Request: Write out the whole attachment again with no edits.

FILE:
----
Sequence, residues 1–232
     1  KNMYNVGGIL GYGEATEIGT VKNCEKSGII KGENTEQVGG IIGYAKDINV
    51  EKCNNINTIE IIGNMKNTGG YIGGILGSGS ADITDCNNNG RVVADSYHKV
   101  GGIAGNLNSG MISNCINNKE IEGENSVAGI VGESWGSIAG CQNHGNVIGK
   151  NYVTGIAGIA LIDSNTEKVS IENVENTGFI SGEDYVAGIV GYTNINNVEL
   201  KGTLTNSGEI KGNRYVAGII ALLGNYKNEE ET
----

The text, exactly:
Sequence, residues 1–232
     1  KNMYNVGGIL GYGEATEIGT VKNCEKSGII KGENTEQVGG IIGYAKDINV
    51  EKCNNINTIE IIGNMKNTGG YIGGILGSGS ADITDCNNNG RVVADSYHKV
   101  GGIAGNLNSG MISNCINNKE IEGENSVAGI VGESWGSIAG CQNHGNVIGK
   151  NYVTGIAGIA LIDSNTEKVS IENVENTGFI SGEDYVAGIV GYTNINNVEL
   201  KGTLTNSGEI KGNRYVAGII ALLGNYKNEE ET